*Warning: This post contains at least two things we did in the olden days and survived, but wouldn’t do now*
We had the biggest freezer you would ever wish to see - so big that it was housed downstairs in the laundry. It often contained half a cow and a whole coop full of chickens, as well as ice cream and other staples.
When the half-cows arrived our family would gather at the dining room table to organise the various cuts of meat into plastic bags, suck the air out of the bags, seal them and label them with a big texta before placing them in the freezer.
In mild weather our frozen meat for dinner was thawed out on the back verandah - commonly done in the olden days without our meat playing host to an impressive colony of bacteria like it might today.
One day, the unthinkable happened. Our frozen steak was stolen from its thawing perch!
We were shocked and bewildered. The crime rate in our friendly neighbourhood had just rocketed above its usual zero. Who could it be? We knew all of our neighbours, so they were ruled out immediately. Was it a transient thief, or a professional burglar?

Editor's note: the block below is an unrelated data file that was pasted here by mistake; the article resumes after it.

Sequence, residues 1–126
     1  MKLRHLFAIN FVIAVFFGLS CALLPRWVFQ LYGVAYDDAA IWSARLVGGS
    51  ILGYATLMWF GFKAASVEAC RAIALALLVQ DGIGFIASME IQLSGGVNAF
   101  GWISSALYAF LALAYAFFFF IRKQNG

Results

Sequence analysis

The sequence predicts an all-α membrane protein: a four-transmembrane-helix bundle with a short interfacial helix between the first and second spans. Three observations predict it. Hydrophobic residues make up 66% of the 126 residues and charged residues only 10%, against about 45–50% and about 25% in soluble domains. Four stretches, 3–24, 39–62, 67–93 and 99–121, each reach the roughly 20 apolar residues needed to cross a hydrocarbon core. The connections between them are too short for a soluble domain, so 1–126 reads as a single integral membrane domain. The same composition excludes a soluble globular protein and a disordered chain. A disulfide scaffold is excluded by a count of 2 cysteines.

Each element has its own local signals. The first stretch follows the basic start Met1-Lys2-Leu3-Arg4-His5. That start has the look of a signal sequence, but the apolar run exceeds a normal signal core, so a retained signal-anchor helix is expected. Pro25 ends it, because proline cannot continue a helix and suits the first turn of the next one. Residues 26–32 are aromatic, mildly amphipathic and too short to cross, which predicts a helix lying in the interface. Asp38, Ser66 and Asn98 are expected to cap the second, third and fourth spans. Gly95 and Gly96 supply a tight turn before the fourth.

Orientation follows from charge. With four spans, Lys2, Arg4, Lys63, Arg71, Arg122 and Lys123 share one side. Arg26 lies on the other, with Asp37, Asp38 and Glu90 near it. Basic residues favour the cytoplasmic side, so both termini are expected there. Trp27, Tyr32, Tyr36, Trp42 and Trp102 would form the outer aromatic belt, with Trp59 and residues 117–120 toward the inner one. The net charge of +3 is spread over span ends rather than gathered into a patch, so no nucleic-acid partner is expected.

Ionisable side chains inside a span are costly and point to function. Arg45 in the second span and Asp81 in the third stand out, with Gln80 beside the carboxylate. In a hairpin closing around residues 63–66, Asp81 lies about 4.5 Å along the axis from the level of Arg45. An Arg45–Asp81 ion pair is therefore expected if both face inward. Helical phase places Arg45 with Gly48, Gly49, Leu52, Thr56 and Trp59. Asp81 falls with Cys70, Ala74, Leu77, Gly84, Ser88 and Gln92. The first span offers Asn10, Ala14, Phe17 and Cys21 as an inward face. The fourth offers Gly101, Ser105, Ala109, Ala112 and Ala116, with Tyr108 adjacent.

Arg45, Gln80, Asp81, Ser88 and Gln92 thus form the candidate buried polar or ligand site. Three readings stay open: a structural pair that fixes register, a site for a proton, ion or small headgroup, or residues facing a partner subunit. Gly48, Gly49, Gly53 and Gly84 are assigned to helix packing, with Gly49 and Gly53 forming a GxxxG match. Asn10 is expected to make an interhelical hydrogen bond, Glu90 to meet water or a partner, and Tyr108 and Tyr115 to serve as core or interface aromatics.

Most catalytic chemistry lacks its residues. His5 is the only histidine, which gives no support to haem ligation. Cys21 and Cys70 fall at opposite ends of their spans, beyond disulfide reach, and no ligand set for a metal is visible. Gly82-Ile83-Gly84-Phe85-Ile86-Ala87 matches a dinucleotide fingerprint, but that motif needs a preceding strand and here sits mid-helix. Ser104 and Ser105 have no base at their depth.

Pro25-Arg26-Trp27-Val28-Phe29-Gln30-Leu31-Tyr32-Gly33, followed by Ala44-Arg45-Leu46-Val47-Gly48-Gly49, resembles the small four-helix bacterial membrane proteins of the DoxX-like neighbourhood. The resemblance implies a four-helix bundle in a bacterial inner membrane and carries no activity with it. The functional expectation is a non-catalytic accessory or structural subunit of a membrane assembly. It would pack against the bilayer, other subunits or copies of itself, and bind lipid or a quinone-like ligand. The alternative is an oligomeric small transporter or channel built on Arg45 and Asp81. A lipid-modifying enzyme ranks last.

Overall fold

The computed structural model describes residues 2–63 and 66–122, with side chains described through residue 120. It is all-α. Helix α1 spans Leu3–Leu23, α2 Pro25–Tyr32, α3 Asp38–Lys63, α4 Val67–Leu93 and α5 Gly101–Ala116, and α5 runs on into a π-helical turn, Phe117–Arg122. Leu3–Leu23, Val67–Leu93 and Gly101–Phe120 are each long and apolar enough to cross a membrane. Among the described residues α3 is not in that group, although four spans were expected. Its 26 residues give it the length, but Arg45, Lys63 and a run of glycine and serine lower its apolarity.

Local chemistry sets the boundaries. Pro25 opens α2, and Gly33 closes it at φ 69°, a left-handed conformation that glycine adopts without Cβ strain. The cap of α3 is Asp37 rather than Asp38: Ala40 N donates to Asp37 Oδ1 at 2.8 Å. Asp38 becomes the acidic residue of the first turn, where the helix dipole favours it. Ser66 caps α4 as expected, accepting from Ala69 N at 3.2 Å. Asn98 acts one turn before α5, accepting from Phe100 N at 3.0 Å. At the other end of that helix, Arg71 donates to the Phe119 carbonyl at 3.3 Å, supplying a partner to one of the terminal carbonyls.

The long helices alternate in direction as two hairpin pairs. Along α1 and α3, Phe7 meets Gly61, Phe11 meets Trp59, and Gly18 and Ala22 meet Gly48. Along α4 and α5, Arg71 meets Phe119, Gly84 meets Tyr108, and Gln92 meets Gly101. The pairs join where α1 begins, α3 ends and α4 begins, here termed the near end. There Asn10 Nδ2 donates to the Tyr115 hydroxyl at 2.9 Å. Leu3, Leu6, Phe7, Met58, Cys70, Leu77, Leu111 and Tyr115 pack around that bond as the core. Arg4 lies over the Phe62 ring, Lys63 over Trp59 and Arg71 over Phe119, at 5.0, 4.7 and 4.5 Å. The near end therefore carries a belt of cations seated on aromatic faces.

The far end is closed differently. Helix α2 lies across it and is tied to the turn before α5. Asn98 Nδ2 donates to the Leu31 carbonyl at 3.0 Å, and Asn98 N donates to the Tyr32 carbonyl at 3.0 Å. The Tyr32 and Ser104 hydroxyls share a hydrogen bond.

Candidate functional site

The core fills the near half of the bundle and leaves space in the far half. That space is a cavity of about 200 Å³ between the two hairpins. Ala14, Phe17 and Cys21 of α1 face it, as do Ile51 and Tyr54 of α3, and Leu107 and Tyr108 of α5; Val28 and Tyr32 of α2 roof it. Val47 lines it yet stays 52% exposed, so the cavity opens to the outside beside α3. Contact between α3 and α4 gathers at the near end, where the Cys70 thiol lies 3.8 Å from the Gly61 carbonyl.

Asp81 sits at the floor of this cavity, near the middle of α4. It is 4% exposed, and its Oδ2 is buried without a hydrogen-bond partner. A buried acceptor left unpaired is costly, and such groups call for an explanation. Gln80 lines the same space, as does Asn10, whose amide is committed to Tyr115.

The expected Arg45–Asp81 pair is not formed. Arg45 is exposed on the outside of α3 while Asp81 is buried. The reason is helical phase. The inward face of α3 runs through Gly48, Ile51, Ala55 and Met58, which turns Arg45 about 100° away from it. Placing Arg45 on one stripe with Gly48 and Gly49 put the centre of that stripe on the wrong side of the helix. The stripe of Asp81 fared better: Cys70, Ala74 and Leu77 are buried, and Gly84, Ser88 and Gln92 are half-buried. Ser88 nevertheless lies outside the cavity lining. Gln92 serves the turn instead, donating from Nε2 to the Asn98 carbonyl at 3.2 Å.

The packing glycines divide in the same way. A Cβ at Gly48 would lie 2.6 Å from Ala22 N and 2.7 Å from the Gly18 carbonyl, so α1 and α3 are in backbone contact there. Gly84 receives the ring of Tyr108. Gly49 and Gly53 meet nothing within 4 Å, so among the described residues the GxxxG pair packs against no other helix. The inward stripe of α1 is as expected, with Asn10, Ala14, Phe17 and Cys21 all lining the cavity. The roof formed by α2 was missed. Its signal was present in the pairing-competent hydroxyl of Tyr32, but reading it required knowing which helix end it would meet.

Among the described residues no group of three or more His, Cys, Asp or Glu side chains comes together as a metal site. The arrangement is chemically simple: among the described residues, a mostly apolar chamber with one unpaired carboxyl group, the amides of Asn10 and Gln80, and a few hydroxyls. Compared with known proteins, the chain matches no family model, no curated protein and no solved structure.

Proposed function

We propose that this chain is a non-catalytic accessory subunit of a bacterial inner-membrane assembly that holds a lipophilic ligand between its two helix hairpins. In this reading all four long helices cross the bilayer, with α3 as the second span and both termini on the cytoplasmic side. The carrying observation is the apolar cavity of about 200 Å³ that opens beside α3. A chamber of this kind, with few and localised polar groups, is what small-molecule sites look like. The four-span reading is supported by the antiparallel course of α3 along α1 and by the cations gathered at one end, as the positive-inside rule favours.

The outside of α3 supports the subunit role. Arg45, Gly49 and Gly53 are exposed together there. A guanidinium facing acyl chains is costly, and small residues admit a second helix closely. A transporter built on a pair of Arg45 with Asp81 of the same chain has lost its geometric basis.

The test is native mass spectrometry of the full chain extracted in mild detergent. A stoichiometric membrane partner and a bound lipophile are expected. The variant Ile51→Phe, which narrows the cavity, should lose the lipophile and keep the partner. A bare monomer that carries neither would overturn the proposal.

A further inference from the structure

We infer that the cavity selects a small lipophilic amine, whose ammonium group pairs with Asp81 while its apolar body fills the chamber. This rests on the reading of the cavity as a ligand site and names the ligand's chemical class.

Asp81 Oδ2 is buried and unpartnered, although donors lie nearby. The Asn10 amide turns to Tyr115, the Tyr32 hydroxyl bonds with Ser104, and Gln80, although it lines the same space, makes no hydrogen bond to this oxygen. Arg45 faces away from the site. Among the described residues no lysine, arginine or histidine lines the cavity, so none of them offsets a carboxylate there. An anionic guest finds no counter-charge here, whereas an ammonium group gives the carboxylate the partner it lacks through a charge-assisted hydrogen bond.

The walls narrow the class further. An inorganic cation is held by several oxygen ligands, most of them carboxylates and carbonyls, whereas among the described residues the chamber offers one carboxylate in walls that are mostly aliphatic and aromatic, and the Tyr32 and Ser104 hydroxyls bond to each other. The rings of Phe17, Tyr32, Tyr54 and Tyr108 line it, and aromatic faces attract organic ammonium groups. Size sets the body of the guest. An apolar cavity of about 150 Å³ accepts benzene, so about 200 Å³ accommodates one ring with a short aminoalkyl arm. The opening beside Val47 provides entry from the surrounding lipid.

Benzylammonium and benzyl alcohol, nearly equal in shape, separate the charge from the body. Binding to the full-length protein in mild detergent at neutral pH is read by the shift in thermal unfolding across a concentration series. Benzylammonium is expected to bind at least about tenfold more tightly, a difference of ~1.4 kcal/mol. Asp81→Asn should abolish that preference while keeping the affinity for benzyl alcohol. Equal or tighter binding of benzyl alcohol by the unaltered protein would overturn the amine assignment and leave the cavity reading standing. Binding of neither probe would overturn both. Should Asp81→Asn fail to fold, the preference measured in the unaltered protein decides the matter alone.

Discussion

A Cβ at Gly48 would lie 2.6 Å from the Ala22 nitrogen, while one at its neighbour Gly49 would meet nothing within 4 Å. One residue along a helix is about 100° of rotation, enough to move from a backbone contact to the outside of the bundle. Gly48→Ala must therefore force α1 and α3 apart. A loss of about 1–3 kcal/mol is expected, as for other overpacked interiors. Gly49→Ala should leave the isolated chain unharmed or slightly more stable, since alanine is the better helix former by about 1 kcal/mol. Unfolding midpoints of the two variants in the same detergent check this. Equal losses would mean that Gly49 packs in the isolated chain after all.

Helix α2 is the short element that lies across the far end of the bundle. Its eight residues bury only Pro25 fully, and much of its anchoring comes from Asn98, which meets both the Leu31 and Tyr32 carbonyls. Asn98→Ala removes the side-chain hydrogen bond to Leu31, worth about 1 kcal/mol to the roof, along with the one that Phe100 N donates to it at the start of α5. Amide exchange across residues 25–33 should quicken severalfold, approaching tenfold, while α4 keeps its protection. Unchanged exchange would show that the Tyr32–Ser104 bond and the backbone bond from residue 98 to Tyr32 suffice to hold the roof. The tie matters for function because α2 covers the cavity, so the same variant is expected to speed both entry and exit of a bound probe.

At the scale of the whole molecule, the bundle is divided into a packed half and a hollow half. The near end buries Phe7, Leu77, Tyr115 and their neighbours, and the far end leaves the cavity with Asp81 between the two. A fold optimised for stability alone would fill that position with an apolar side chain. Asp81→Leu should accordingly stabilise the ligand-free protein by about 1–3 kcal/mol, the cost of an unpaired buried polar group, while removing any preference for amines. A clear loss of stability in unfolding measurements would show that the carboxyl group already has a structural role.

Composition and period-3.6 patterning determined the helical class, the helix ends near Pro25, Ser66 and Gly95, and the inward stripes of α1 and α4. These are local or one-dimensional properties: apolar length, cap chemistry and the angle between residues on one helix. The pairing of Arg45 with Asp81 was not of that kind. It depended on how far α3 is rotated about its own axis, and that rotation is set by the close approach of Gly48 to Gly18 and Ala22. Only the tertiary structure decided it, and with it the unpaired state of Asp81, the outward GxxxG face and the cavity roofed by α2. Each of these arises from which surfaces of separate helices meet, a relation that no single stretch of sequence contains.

I slept uneasily that night, envisaging a shadowy figure with a mask and a gun, lurking around our house, perhaps searching for the mother-load of frozen meat in the laundry.
The next day we left a frozen chook in the usual thawing place, hoping our thief would not return. But he did return…and this time he didn’t succeed.
It turns out the frozen chook was a lot harder for our thief to fit in his mouth, and as he tried to take hold of it, the rock-hard chook rolled down the back stairs making enough noise to alert Mrs C, our babysitter.
The thief was a big black dog!
After that incident we stopped thawing our meat outdoors. The black dog, however, became a frequent scapegoat when other items went missing. Apparently he had quite a sweet tooth, and was quite partial to the chocolate flavoured portion of the Neapolitan ice cream.
He was never apprehended, and remained at large for many years.
photo credit: Angus Steaks - Riverstone Winery via photopin (license)